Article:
Willaim Gladstone was wrong, at least with regard to evidence in sex crimes cases. This English statesman once said that justice delayed is justice denied. That might be true for the state, but it is definitely not true from St. Paul criminal defense attorneys.
The state has the burden of proof in criminal cases. And, evidence degrades over time. Memories inevitably fade and physical evidence often gets lost. The less evidence the state has, the easier it is to create doubt. And that’s all the defendant must do.
So, to undermine the evidence in a sex crimes case, a St. Paul criminal defense attorney must often delay the case as long as possible. That’s usually frustrating for everyone involved, but it is a necessary tactic. Additionally, there are some ways to directly attack the state’s evidence in a sex crime case, as outlined below.
Physical evidence can be tangible, like a pornographic image, or intangible, like a defendant’s statement. In both cases, police officers must strictly obey some procedural requirements, or the evidence could be inadmissible in court.
Many sex crime cases involve child pornography. These materials are very broadly defined in Section 617.246 of the Minnesota Statutes.
Incidentally, the image or material itself need not be pornographic. If the purveyor claimed the item was lewd or inappropriate, that’s probably enough for possession or distribution charges to hold up in court.
Sometimes, police officers obtain search warrants before they seize evidence. That’s especially the case in large-scale investigations. These warrants often rely on informers’ tips, and in most cases, these informers receive substantial payment.
Since many people will say almost anything for money or leniency, Ramsey County judges scrutinize such warrants very carefully. Some reliability factors to consider include:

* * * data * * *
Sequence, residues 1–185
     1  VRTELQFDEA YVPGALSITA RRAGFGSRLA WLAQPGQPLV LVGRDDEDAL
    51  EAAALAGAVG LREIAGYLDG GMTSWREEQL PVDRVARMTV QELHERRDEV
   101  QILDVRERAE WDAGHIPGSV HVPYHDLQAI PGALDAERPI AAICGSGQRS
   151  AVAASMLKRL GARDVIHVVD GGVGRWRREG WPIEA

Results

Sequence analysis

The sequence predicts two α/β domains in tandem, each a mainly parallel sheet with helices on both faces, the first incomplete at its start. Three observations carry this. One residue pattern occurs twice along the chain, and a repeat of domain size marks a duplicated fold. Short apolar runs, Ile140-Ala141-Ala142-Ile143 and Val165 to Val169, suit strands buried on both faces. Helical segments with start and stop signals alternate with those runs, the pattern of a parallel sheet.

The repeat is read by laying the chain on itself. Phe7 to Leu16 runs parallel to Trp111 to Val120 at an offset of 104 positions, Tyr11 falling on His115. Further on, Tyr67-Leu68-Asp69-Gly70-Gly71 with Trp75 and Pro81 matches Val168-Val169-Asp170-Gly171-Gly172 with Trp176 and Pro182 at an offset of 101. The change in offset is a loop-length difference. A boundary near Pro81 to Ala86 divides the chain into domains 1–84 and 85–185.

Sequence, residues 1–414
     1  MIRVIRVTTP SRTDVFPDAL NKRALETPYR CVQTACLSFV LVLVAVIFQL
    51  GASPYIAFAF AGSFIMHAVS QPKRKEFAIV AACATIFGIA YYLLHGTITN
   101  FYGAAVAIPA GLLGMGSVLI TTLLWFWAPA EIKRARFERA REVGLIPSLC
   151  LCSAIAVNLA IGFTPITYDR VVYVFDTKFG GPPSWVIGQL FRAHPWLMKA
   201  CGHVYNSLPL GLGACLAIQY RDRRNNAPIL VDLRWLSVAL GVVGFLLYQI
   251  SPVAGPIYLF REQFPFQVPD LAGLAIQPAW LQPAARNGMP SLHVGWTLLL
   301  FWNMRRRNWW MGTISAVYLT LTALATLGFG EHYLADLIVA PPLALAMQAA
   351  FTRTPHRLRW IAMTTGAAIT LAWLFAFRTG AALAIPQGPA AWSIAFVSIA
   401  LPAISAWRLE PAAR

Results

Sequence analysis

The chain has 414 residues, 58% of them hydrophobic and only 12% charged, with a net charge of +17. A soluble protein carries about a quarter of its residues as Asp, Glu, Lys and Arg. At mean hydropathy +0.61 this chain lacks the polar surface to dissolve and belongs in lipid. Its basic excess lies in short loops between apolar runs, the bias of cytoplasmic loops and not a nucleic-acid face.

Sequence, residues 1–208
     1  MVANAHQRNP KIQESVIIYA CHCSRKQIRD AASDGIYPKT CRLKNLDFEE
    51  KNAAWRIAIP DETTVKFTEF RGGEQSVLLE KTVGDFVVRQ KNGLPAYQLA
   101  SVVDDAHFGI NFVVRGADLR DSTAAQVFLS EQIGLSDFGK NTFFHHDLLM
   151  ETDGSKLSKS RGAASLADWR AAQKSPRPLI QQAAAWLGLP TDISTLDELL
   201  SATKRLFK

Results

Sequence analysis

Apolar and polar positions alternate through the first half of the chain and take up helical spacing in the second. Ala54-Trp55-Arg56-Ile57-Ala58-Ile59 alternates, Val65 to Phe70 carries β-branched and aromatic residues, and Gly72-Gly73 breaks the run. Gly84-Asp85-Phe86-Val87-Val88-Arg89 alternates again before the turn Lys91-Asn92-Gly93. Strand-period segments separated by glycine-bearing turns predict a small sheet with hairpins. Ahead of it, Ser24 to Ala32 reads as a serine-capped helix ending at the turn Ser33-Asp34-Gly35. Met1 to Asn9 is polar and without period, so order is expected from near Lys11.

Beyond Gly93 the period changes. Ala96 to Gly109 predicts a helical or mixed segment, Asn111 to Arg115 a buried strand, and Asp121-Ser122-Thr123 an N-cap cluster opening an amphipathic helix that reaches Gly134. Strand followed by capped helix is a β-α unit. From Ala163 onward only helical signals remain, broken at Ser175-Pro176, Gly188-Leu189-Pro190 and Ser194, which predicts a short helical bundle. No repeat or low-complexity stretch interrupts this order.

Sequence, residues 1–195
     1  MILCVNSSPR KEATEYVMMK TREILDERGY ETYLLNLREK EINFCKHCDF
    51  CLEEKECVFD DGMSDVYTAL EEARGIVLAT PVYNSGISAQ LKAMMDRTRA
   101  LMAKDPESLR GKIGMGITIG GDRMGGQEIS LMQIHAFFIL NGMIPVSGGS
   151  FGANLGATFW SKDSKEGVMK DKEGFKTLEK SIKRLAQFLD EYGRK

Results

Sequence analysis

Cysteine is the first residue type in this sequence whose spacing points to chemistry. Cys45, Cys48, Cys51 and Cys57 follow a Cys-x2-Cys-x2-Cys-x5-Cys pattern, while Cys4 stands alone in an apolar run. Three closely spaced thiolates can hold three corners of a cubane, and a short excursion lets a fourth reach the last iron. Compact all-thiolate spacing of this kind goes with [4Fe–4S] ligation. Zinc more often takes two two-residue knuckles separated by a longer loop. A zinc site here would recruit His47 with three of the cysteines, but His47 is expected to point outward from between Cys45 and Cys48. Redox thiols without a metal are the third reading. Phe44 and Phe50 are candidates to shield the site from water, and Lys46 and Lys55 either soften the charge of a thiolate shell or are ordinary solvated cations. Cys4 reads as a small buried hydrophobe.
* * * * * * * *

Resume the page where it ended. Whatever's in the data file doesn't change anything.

Ramsey County prosecutors cannot work backward. Lawyers cannot argue that if the tip was accurate, it must have been reliable. Such information stands or falls on its own.
In other possession cases, things happen so quickly that officers do not bother with search warrants. Instead, they rely on a search warrant exception, such as:
Other search warrant exceptions include the automobile exception, limited searches incident to a lawful arrest, and weapons pat-down stops. Special rules usually apply if the defendant is currently on probation or parole.
Finally, when officers detain suspects, they almost always question them. Unless these suspects have been properly Mirandized, such statements are inadmissible. Courts require police to administer the Miranda warnings (you have the right to remain silent, etc.) when custodial interrogation begins.
In plain English, custodial interrogation means officers ask questions and defendants do not feel free to leave. Many times, this phase begins as soon as officers approach suspects and say anything at all.
In most criminal sexual contact and other such cases, eyewitness testimony is key. That testimony could be from the alleged victim or a third-party witness.
Generally, alleged CSC victims know their alleged attackers. And, in most of these cases, alcohol is involved. This substance impairs memory. When people do not remember exactly what happened, their brains often fill in the gaps. So, the alleged victim’s recollection of what happened or what was said regarding consent is often not accurate.
A similar issue often comes up with regard to live and photo lineups. Many times, these lineups are not double-blind. Usually, the administering officer knows the suspect’s identity. If that’s the case, the officer often transmits subtle clues, such as placing the suspect’s picture in the center of a photo lineup array.
Evidence in sex crimes cases is rarely ironclad. For a free consultation with an experienced St. Paul criminal defense attorney, contact Capitol City Law Group, LLC. Go online now, call us at (651) 998-7634, or stop by 287 6th St E, Suite 20, St Paul, MN 55101.